Gary Wilson

Wilson urges Ireland not to get lost in the occasion ahead of historic Lord’s Test

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Hit For Six!

Ahead of arguably Ireland’s biggest match since attaining ICC Full Membership, wicket-keeper batsman Gary Wilson urged his team to not get overawed by the occasion, when they step on to the field at Lord’s to take on England.

Ireland have had a remarkable journey to the upper echelons of cricket that culminated with them being granted Test status in June 2017. They have since played two Tests, against Pakistan in Dublin, and against Afghanistan, in their maiden away Test in Dehradun, but a Test match at the 'home of cricket' will be extra special.

“In my generation, I don’t think any of us expected to be playing a Test match at Lord’s, so to have the opportunity is great,” Wilson said. 

“But we mustn’t lose sight of the fact that we have to come here and perform as well. That’s what it is about: it’s not just turning up and having all the fanfare around Lord’s, we have to try and put in a good performance against a very good England side. But we’ve got some good players as well, and we’re confident we can do that.”

Ireland hit the ground running for the historic Test with their first training session on Sunday, 21 July. A huge part of their acclimatisation would involve getting used to the famous slope on the Lord’s pitch that runs from the north end of the ground and drops towards the south end.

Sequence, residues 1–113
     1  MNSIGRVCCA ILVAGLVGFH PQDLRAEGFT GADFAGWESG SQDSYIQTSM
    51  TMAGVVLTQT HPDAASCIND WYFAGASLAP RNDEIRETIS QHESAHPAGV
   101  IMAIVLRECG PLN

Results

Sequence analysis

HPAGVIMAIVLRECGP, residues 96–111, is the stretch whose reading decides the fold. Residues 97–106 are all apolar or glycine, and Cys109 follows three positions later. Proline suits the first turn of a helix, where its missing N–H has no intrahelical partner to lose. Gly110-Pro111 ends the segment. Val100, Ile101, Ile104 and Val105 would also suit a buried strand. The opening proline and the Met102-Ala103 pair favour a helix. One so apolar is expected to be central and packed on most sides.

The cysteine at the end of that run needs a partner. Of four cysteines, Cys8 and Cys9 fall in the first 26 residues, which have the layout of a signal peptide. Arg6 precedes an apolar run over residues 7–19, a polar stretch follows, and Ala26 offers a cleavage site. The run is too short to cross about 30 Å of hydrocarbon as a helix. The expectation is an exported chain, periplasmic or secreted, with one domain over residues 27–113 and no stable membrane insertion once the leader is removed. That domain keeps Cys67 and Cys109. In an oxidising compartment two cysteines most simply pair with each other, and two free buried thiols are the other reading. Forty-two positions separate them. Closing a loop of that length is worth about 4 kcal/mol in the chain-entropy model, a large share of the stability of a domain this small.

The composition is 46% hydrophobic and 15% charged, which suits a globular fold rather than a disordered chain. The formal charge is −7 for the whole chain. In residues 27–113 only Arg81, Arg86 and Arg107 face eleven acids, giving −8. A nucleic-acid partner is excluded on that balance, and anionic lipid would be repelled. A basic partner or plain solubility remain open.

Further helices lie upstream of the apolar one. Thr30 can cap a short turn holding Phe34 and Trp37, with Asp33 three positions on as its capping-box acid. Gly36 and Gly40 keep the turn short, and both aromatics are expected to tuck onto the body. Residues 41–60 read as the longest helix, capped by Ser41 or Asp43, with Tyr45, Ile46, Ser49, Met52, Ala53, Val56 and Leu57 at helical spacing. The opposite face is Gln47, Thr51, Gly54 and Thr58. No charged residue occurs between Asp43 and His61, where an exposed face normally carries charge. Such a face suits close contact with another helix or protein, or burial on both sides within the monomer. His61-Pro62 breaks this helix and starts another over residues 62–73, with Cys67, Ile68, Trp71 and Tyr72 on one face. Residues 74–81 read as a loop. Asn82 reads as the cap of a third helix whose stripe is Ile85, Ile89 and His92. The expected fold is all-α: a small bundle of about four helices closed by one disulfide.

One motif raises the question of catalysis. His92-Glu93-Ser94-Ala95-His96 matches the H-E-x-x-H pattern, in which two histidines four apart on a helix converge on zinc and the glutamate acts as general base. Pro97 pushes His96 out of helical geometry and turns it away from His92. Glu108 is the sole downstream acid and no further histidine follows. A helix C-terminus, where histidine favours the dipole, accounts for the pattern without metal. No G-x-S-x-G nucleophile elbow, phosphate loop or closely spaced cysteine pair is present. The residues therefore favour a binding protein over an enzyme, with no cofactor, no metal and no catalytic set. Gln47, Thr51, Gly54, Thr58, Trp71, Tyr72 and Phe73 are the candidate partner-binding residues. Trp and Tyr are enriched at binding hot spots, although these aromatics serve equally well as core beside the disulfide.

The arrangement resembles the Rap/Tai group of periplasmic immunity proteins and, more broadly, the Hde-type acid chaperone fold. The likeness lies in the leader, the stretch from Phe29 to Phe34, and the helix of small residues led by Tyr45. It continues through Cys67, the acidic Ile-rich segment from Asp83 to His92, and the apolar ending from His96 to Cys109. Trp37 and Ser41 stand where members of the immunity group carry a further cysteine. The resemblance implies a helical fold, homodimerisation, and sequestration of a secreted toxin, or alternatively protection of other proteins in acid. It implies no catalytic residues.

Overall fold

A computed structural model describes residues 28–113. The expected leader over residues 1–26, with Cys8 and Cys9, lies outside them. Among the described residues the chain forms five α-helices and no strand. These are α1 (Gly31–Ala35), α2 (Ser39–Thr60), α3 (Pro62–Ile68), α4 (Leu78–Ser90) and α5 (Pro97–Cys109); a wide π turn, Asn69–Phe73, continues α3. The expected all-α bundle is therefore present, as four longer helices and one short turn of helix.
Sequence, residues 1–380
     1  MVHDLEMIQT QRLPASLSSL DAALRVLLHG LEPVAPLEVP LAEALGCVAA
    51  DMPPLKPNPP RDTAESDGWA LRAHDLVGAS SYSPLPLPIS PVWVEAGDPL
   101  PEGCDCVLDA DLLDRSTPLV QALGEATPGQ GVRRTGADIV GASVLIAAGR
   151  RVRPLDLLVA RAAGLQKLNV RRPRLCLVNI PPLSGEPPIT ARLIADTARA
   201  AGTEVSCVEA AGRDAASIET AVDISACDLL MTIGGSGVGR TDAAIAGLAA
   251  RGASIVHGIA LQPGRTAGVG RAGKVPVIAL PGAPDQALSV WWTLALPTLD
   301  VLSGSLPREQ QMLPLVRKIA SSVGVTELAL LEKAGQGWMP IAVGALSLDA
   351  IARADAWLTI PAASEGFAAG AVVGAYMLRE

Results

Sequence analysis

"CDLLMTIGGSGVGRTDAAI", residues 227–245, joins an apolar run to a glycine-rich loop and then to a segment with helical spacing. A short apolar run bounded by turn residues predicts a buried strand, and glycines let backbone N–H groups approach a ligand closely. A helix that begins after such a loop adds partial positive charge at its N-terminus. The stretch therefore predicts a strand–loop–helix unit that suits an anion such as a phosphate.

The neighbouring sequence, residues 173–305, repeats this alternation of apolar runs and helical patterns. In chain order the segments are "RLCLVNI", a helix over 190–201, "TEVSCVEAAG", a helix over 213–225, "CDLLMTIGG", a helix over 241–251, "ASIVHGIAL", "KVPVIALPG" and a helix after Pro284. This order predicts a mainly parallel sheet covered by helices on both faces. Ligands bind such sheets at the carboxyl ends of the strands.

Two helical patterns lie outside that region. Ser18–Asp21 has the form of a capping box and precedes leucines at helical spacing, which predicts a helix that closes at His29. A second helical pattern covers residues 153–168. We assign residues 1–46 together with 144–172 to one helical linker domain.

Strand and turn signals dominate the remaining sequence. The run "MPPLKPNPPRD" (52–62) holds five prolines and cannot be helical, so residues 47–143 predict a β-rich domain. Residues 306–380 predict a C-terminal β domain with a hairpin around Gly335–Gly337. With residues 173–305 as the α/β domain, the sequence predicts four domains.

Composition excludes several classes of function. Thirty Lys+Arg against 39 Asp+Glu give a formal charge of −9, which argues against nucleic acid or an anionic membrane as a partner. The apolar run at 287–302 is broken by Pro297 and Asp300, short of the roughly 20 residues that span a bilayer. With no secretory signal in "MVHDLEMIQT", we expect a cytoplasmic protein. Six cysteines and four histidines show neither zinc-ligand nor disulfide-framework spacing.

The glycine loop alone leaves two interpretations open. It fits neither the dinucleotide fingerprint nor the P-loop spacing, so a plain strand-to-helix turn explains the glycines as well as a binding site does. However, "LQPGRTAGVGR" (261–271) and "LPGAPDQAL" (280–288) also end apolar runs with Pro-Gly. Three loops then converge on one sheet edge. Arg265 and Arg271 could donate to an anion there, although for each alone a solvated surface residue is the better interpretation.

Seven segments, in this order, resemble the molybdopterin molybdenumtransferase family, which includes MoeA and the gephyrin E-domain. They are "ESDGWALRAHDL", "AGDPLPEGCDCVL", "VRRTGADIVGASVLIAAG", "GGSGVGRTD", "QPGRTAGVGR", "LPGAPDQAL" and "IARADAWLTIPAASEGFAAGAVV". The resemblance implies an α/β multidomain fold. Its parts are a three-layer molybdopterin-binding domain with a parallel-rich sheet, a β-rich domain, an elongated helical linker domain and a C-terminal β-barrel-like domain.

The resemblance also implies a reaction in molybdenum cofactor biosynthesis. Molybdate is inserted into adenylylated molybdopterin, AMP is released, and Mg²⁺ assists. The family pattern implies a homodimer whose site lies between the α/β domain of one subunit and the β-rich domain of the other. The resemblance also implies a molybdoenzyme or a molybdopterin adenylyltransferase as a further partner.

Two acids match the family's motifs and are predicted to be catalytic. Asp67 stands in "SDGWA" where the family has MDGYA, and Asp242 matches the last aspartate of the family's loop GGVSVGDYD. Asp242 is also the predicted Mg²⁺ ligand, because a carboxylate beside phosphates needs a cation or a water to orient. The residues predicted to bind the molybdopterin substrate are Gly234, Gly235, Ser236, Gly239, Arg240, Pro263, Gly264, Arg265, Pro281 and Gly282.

“Training today was good, it was the first time we’ve been here in a while,” Wilson said. “We had two good days at Merchant Taylor’s [School Ground, in a warm-up match], which was a good run out. 

“A few guys had time in the middle, and for the bowlers it was about getting some overs in the legs. But it’s nice to finally get here to Lord’s and get to know the conditions and facilities, and for those guys who haven’t played here before, they’ll find the slope fairly interesting.”

In my generation, I don’t think any of us expected to be playing a Test match at Lord’s

Gary Wilson

Following their three-match T20I series against Zimbabwe in Bready, which Ireland drew 1-1, the team now has to go through not only a short turnaround time, but also a complete change in format. But Wilson accepted it as part of the demands of modern-day cricket, and trusted his muscle memory to take over and ease out the transition.

“I’ve had a lot of time in county cricket going from format to format, and you just learn it is something you have to do,” he said. 

“I guess there’s enough miles in my legs now to know if you haven’t hit a red ball for a while, you don’t suddenly forget how to hit one. We’ve got a good opportunity now with three days' practice, so it’s just about fine-tuning.”

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